Department of Energy Argonne National Laboratory Office of Science NEWTON's Homepage NEWTON's Homepage
NEWTON, Ask A Scientist!
NEWTON Home Page NEWTON Teachers Visit Our Archives Ask A Question How To Ask A Question Question of the Week Our Expert Scientists Volunteer at NEWTON! Frequently Asked Questions Referencing NEWTON About NEWTON About Ask A Scientist Education At Argonne Ethanol Substitute
Name: Jennifer J.
Status: educator
Age: 20s
Location: N/A
Country: N/A
Date: 12/9/2004


Question:
I teach 8th grade science, and many experiments in the book call for the use of ethanol. Can rubbing alcohol be used? If not, where can I get ethanol?


Replies:
Jennifer-

Pure ethanol is wonderfully versatile: you can use it for flame heating, cleaning and degreasing, sterilizing, drying out wet things, dissolving some chemicals water cannot, boiling at a lower temperature than water, and more other things than I can think up right now. That is probably why they featured it in your textbook. One simple, low-toxicity reagent to use for so many things. You can get it as technical-grade or reagent-grade 100% ethanol from chemical distributors. I'm not sure of the rules, but your being a teacher may make them willing to send it to you.

Any given thing ethanol does can be substituted by something. But there are a few different somethings, for different uses. Learning a little about solvent properties, you can probably pick the right ones for each experiment.

For burning, standard rubbing alcohol is very marginal, because it's 30% water, only 70% isopropanol. You can find 91% isopropanol rubbing alcohol, and that will burn well and be adequate for some other things. It's still 9% water, so it won't dry wet things as well as 100% of some solvent: (ethanol or isopropanol or acetone). The vapor flammability hazards of 91% isopropyl are a bit less than those of 100% ethyl alcohol, because the vapor pressure is lower. 70% isopropyl, much lower.

Isopropanol has a higher boiling-point / lower vapor-pressure than ethanol, methanol, or acetone so it might not work well in a "drinking bird" thermal apparatus. But you could try it. It also does not cool things as aggressively when it evaporates.

You can find denatured ethanols and/or 100% isopropanol in solvent cans at some paint or hardware stores. It's 100% solvent and should burn great and extract water thoroughly. Denaturant additives (~10% concentration) are often like acetone, which can dissolve many plastics. There are many plastic things you will not want to wipe down with them or store them in. It can ruin a shiny finish, or gradually weaken some plastic containers. The fumes are a little more unpleasant, too. The flammability risk is a little higher. The price/volume is low in gallon cans.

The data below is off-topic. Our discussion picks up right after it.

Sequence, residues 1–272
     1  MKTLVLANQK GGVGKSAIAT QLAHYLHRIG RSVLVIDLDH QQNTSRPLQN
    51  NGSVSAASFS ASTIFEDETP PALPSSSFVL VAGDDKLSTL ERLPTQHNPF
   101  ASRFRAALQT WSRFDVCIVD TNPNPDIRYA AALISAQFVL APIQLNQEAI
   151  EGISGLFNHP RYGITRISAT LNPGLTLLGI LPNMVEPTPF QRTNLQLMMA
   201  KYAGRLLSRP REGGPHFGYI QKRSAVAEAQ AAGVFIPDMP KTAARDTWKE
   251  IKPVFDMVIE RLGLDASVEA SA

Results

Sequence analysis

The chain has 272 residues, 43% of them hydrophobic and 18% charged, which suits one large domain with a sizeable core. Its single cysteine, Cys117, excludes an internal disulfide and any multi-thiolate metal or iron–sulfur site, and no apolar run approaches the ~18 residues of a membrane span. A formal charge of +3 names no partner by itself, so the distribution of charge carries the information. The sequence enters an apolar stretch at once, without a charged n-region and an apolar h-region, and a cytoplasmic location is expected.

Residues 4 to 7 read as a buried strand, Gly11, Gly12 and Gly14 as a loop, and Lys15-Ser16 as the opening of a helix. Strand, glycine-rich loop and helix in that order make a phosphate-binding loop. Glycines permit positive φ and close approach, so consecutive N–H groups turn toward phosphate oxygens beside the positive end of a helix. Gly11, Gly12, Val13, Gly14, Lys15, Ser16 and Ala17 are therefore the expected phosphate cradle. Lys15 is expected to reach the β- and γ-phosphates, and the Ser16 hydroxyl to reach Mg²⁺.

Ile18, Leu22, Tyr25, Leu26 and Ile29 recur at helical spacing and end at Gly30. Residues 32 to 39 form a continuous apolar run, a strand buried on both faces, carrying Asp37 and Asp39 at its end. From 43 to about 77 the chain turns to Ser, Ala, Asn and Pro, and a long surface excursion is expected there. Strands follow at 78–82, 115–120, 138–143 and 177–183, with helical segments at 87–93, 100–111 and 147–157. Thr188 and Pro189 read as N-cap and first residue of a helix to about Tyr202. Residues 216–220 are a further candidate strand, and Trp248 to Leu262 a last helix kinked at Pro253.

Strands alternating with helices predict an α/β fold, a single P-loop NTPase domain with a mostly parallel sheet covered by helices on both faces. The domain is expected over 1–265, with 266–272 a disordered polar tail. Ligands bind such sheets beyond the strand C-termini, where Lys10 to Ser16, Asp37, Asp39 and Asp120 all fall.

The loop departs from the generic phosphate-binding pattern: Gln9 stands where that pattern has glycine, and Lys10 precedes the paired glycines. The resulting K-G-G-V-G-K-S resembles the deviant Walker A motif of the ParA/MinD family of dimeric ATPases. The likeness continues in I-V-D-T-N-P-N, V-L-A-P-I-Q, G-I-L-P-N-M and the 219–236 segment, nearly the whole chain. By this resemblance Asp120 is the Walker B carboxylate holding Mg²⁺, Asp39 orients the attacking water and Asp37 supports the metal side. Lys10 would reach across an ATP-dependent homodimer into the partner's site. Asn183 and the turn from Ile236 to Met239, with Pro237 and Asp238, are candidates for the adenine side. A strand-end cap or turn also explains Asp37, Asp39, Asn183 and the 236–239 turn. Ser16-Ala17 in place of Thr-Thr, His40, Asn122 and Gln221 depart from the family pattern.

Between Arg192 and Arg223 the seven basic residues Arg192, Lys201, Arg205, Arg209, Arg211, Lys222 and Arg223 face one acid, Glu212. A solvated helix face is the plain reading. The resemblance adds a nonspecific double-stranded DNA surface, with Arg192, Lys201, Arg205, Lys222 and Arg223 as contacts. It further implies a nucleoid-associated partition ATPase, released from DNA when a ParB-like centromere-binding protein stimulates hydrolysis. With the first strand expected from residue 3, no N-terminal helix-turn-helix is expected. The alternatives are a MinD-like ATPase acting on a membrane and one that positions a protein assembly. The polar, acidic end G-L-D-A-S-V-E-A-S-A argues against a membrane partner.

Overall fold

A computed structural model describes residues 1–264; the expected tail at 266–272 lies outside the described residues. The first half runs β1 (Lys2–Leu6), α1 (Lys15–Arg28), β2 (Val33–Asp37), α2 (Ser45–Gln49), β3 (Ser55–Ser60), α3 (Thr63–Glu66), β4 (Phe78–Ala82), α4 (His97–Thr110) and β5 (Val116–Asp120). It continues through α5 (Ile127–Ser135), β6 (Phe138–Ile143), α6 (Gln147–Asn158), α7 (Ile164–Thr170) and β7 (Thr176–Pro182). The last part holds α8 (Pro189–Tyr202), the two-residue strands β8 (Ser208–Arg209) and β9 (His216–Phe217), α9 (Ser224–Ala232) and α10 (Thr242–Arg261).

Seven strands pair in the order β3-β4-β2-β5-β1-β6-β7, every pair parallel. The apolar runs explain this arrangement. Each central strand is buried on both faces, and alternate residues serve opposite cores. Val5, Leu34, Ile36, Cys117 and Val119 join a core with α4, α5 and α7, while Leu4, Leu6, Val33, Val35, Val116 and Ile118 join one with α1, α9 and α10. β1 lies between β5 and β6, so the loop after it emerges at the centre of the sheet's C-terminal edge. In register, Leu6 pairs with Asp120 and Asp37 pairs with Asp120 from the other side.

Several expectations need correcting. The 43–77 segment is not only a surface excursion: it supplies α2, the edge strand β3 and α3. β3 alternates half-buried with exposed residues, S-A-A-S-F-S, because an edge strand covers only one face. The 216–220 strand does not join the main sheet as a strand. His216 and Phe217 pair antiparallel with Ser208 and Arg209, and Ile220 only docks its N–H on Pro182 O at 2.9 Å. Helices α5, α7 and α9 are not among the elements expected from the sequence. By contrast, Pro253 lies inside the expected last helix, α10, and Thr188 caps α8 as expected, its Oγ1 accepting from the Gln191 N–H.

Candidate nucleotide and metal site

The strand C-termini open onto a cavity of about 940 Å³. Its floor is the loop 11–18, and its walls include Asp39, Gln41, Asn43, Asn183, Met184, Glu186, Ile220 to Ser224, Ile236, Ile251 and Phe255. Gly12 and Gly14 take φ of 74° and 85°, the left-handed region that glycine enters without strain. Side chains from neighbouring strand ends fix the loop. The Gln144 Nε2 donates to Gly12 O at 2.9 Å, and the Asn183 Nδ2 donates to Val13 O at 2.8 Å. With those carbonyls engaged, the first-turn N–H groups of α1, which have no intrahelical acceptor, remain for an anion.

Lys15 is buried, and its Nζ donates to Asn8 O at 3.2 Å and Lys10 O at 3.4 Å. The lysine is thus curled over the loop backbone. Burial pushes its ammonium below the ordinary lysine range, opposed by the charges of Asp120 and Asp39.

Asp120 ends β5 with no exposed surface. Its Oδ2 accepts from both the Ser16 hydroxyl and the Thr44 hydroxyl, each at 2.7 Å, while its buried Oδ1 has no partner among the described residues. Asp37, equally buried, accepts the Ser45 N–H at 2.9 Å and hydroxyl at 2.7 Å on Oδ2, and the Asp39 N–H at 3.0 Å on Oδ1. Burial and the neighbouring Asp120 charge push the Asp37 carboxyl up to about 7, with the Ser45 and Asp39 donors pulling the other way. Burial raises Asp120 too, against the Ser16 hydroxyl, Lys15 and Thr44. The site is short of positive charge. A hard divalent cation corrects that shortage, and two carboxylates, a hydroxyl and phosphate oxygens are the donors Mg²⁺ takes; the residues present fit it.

Anything mixed might not have a single, simple boiling point. 70% rubbing alcohol does. It is an azeotrope: the right percentage mixture so the water and alcohol boil together at the same time. So you cannot distill them apart, which is why 70% is the standard concentration. It's a whole 'nuther job for the manufacturer to go to higher percentage. There is only one azeotropic mix for each pair of solvents, so the 91% grade of rubbing alcohol will not have a single boiling point. Instead it will try to evaporate isopropanol vapors and leave 70/30 liquid behind in the vessel.

30% water is substantial for solvent solubility properties. There are some greases or waxes that will not dissolve as well in rubbing alcohol as in pure ethanol. And it can take a little longer for rubbing alcohol to dry than pure ethanol.

People do use ultra-distilled vodka (ethanol with as little as 10% water) for some things. More often, I use rubbing alcohol, 70% or 91% as needed.

Jim Swenson



Click here to return to the Chemistry Archives

NEWTON is an electronic community for Science, Math, and Computer Science K-12 Educators, sponsored and operated by Argonne National Laboratory's Educational Programs, Andrew Skipor, Ph.D., Head of Educational Programs.

For assistance with NEWTON contact a System Operator (help@newton.dep.anl.gov), or at Argonne's Educational Programs

NEWTON AND ASK A SCIENTIST
Educational Programs
Building 360
9700 S. Cass Ave.
Argonne, Illinois
60439-4845, USA
Update: June 2012
Weclome To Newton

Argonne National Laboratory